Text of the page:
Yolanda López, an artist who elevated women and especially Latina women in her work, most notably a series of paintings that replaced the iconic image of the Virgin of Guadalupe with vibrant depictions of contemporary female life, in all its struggle and strength, died Sept. 3 at her home in San Francisco. She was 78.
She had complications from liver cancer, said her son, Rio Yañez, who is also an artist.
A granddaughter of Mexican immigrants, Ms. López grew up in San Diego but spent nearly her entire adult life in San Francisco, where she joined the Chicano movement in the 1960s. From the start, she saw art and activism as intertwined, and she sought to use her paintings, posters and other works to empower the Latino community.
“There were no public images of Mexican Americans or Latinos in mainstream culture that represented us in the broad scope of our humanity,” she told the Salt Lake Tribune in 1995. “What existed primarily were sleeping Mexicans, Spanish señoritas, bandito images … . Nothing at all that reflected that we had families, children, were working people, were creative or engaged in day-to-day activities.”
Ms. López was best known for a series of paintings, begun in the late 1970s, that subverted the traditional image of Our Lady of Guadalupe, or the Virgin Mary as she is believed in Catholicism to have appeared to Saint Juan Diego of Mexico in 1531. Clothed in a blue mantle, she radiates light from the sacred stillness of her serene figure.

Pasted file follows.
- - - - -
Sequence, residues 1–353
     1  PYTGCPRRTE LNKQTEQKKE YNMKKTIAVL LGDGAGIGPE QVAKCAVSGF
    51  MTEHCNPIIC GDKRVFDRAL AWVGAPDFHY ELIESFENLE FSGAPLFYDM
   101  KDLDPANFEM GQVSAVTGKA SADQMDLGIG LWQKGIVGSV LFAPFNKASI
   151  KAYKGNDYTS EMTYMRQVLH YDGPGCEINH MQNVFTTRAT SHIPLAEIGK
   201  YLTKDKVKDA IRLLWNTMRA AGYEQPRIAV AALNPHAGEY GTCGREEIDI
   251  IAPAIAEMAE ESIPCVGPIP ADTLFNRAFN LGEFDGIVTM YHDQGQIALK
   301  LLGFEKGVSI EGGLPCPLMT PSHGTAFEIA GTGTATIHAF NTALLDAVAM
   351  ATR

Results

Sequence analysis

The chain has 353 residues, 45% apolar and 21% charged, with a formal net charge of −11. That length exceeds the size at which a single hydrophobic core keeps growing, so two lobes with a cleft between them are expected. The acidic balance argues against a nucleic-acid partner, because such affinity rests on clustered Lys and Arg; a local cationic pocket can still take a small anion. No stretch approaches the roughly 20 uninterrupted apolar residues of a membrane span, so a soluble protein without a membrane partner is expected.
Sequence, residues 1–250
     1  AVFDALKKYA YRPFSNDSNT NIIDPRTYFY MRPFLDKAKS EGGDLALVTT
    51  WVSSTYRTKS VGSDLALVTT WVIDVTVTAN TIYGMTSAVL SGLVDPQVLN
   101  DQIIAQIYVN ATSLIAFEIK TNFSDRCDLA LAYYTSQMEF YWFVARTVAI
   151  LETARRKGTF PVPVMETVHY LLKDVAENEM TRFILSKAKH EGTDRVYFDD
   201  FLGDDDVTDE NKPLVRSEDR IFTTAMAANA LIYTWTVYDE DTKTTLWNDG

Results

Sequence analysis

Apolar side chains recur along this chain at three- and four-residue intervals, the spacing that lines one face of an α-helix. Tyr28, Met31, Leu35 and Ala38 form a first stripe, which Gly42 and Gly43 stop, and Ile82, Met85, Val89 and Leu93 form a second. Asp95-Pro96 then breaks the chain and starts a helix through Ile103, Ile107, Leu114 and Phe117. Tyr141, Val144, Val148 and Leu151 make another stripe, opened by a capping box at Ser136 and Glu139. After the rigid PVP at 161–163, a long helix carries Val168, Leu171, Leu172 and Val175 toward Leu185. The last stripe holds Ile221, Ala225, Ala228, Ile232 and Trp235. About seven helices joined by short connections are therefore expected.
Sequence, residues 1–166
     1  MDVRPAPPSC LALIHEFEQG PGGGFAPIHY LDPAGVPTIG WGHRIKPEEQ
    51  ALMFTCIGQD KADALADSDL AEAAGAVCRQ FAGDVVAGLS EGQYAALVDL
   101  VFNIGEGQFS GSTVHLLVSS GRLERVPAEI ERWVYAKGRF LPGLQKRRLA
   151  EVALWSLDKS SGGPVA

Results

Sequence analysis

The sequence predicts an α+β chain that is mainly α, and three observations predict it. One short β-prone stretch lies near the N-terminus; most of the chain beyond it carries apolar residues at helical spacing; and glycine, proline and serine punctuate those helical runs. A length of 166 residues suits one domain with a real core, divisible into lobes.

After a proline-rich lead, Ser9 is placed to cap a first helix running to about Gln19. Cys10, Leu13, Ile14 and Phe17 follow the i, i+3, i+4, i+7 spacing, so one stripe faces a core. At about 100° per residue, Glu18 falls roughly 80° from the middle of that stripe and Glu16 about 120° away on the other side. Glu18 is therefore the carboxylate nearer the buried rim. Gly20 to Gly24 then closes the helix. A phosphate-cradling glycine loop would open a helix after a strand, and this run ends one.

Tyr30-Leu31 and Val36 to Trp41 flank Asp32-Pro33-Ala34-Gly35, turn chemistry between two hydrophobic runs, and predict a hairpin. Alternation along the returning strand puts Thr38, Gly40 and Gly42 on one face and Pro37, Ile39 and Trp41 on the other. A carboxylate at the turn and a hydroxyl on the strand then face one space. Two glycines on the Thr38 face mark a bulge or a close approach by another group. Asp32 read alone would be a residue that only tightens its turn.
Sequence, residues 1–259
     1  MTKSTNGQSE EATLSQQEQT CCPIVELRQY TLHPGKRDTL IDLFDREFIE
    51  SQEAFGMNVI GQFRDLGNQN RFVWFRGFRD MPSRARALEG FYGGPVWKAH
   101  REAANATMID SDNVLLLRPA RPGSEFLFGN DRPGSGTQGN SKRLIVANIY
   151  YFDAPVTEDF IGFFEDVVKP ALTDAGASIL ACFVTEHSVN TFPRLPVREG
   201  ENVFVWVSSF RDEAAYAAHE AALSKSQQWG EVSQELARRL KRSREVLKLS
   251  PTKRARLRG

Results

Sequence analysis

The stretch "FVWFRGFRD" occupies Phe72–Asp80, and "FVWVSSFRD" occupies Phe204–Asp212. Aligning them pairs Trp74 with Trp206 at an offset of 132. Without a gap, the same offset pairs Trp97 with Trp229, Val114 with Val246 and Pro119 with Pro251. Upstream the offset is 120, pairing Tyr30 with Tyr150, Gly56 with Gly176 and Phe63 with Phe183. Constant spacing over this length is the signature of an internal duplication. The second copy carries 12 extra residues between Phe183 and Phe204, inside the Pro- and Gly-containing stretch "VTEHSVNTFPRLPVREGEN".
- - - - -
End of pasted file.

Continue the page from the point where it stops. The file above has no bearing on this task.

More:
In a 1978 triptych, Ms. López depicted herself, her mother and her grandmother in the Virgin’s place. In the self-portrait, Ms. López strides toward the viewer in running shoes with a snake in her hand, a muscular leg seemingly protruding from the painting, the mantle waving behind her like a cape.
She “bursts forth from the Virgin’s traditional flaming mandorla, throws off her star-spangled cloak and dashes straight toward us, beaming, into the future,” New York Times art critic Holland Cotter wrote in 1999.
“The merging of past into future is what this painting is all about. There are countless more transformative visions where this comes from — the freed imaginations of women.”
In the second image of the triptych, Ms. López’s mother labors at a sewing machine, mending the blue fabric with her expert hands. In the third, her grandmother sits atop the mantle, a blade in one hand and the skin of a snake in the other.
Ms. López knew that she “was on to something,” she told the Tribune, when she began to encounter resistance to the work. A printer refused to photograph the painting, declaring that “you can mess around with my woman, my car, anything. But you don’t touch my lady,” referring to the Virgin. A Mexican magazine that published the works reportedly received bomb threats.
Ms. López continued working in that vein, also presenting the Virgin Mary as pre-Columbian goddesses and a modern-day Mexican American young woman.
“Because I feel living, breathing women also deserve the respect and love lavished on Guadalupe, I have chosen to transform the image,” she once said, according to the Museum of Contemporary Art San Diego, where her first solo museum presentation, an exhibit titled “Yolanda López: Portrait of the Artist,” is scheduled to open in October.